Established in 1846 "for the increase and diffusion of knowledge," is a group of museums and research centers administered by the United States government. Originally organized as the "United States National Museum," that name ceased to exist as an administrative entity in 1967. Termed "the nation's attic" for its eclectic holdings of 137 million items, the Institution's Washington, D.C. nucleus of nineteen museums, nine research centers, and zoo—many of them historical or architectural landmarks—is the largest such complex in the world. Additional facilities are located in Arizona, Maryland, New York City, Virginia, Panama and elsewhere, and 168 other museums are Smithsonian affiliates. The Institution's thirty million annual visitors are admitted without charge; funding comes from the Institution's own endowment, private and corporate contributions, membership dues, government support, and retail, concession and licensing revenues.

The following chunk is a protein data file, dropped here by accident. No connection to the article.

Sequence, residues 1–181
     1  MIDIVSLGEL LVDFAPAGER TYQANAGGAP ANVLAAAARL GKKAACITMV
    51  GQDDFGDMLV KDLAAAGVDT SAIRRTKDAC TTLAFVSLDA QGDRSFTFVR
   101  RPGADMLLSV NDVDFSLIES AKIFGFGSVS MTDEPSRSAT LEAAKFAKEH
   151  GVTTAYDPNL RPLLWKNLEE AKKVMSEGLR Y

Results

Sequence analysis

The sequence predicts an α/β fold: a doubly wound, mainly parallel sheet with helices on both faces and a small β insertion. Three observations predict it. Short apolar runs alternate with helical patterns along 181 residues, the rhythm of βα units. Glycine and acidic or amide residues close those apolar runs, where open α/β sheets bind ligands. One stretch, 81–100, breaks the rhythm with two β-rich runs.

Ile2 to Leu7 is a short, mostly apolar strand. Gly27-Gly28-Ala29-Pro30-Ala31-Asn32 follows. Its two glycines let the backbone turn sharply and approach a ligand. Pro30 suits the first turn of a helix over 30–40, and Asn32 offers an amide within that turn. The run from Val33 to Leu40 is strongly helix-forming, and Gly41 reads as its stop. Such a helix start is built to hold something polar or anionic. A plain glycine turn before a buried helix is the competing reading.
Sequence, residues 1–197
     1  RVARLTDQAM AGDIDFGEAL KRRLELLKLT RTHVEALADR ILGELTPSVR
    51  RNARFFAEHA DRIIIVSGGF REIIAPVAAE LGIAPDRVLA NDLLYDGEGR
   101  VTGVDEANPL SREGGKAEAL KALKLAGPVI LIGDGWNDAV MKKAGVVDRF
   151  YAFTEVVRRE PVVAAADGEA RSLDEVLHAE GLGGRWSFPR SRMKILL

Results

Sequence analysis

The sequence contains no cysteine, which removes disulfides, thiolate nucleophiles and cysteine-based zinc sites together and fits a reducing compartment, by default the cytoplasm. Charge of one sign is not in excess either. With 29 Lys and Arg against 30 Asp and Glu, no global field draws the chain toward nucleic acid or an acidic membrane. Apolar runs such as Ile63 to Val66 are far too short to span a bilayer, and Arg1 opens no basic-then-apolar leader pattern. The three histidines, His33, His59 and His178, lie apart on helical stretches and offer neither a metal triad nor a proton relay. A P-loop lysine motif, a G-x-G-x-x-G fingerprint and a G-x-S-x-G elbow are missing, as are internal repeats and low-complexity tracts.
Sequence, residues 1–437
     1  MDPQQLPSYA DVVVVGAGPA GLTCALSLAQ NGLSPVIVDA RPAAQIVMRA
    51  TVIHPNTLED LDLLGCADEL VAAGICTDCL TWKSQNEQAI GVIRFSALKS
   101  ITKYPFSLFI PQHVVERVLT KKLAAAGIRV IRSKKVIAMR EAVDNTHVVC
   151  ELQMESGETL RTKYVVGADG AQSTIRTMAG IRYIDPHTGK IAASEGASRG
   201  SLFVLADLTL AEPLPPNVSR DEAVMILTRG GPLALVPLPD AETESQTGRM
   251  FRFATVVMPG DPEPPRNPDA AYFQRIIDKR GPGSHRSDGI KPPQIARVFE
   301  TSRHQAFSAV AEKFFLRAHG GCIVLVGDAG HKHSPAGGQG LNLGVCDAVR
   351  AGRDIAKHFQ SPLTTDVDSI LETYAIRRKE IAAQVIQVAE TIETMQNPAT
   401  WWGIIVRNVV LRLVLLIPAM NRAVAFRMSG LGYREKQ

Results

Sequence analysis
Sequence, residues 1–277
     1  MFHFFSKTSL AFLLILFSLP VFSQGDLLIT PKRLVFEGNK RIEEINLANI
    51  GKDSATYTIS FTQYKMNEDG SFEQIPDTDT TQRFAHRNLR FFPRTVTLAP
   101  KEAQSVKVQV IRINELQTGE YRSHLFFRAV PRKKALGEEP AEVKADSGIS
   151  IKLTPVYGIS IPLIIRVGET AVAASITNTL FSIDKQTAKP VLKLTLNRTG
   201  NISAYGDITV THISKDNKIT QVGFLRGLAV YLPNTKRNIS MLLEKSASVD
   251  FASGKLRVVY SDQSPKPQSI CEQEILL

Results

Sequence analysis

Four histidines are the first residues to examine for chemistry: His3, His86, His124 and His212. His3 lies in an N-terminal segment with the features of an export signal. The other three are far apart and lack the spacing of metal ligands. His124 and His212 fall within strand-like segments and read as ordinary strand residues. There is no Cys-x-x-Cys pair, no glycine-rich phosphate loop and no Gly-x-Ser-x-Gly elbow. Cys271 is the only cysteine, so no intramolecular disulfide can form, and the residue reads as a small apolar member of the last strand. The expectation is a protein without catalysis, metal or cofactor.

The Smithsonian Institution was created by Congress in 1846 as "an establishment for the increase and diffusion of knowledge."
Congress vested responsibility for the administration of the Smithsonian in a Board of Regents, consisting of the Chief Justice of the United States, the Vice President of the United States, three members of the United States Senate, three members of the United States House of Representatives, and nine citizens. The Board of Regents meets at least four times each year and typically convenes in the Regents Room, which is located above the south entrance of the Smithsonian Castle Building.